So, for example, if I start doing some Deep Living (whether that’s Working or Connecting), I’ll keep on doing some Deep Living UNLESS I’m acted upon by some outside force.” 
 
What outside force could possibly act upon me?
 
Hmmm…
 
Maybe a push notification? Or an email alert? Or simply having your smartphone in sight? (Hah.)
 
This is why, if we really want to take advantage of the power of Newton’s First Law, we need to put ourselves in a Deep Living bubble, remove all the potential outside forces” that’ll kill our momentum, and go Deep!
 
Today’s +1. Make Newton proud. Let’s create some distraction-free momentum.
Jan 18, 2018

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Here are 5 of my favorite Big Ideas from "Trying Not to Try" by Edward Slingerland. Hope you enjoy!

Edward Slingerland is one of the world’s leading experts on both ancient Chinese thought AND modern cognitive science. This book is a melding of those two realms. It’s a truly fascinating read. I read it in a day and felt like I was spending the day hanging out with a brilliant thinker—getting privileged access to twenty years of deep thinking. If you’re into ancient wisdom and modern science I think you’ll love the book as much as I did. Big Ideas we explore include defining wu-wei + de (one of the coolest words/concepts ever), what Confucius + Lao Tzu + Mencius + Chuang Tzu have to say about wu-wei, and the spontaneity of mirrors.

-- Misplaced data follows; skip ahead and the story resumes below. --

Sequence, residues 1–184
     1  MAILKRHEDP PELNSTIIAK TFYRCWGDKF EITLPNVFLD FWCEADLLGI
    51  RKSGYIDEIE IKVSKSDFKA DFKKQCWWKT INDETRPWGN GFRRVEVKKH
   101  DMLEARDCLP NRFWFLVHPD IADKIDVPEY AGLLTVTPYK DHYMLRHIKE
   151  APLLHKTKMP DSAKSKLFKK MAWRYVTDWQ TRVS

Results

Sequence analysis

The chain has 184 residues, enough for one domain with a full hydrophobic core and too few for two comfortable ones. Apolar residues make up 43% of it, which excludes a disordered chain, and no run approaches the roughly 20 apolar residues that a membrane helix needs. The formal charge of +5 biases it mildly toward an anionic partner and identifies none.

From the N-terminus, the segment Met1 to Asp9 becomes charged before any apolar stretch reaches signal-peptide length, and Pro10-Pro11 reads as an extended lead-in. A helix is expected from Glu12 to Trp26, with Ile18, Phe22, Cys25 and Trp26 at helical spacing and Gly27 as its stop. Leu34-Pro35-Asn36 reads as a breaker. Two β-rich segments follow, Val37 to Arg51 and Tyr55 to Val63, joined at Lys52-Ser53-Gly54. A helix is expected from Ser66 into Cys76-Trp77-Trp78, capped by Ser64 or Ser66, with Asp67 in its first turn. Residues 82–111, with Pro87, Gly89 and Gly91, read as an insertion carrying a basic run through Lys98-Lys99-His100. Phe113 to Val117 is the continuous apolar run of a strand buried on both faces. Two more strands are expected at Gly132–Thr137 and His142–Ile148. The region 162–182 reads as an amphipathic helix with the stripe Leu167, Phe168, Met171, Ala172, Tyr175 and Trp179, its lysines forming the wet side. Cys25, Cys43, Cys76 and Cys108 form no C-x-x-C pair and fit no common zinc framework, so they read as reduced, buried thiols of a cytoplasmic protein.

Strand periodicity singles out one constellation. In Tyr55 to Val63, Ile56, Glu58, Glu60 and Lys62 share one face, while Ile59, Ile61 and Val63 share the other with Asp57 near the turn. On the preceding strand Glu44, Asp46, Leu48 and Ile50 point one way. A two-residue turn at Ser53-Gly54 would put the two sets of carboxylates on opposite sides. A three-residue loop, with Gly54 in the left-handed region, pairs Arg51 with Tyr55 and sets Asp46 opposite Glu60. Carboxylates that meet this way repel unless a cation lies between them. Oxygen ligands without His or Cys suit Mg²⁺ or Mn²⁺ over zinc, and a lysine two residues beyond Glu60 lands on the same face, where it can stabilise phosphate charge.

Get book here: https://www.amazon.com/Trying-Not-Try...

Connect: https://eslingerland.arts.ubc.ca/

PhilosophersNotes: https://www.optimize.me/philosophers-...

More goodness like this: https://www.optimize.me/membership/?r...

Jan 15, 2018
In our last +1, we had fun hanging out with your Genius. 
 
Recall: EVERYONE in ancient Roman times was said to have their own guiding spirit, or genius” that helped them rock it. 
 
That reminds me of Sir Ken Robinson. In The Element, he tells us that our whole concept of intelligence” is backward.
 
Rather than ask, How intelligent are you?” we SHOULD be asking HOW are you intelligent?”
 
We all have our own Geniuses. And… We all have our own different kinds of Intelligence. 
 
So…
 
How are you intelligent?
 
As we get clarity on that, Sir Ken tells us that we all have the potential to connect to what he calls the Element.” It’s that force within us that allows us to live with deeper meaning and mojo and joy. 
 
The Element has two parts: Passion + Aptitude.
 
Two questions will help us +1 our clarity:
 
  1. What do you LOVE to do? As in, you’d do this in your free time or even pay to do it? This is your passion.
 
  1. What are you naturally good at? What can you do relatively easily that most people can’t do at all? This is your aptitude.
 
Passion + Aptitude = The Element.
 
Sir Ken tells us the world NEEDS us to discover our Element. I agree. Now more than ever.
 
Let’s do the work to discover our Element and then, of course, have the courage to live it!
Jan 10, 2018
Martin Seligman is basically the Godfather of the Positive Psychology movement. He’s written a number of seminal books on the science of well-being.
 
When Seligman first kicked off the Positive Psychology party, he wrote a book called Authentic Happiness. A decade later, he updated his thinking with a book called Flourish.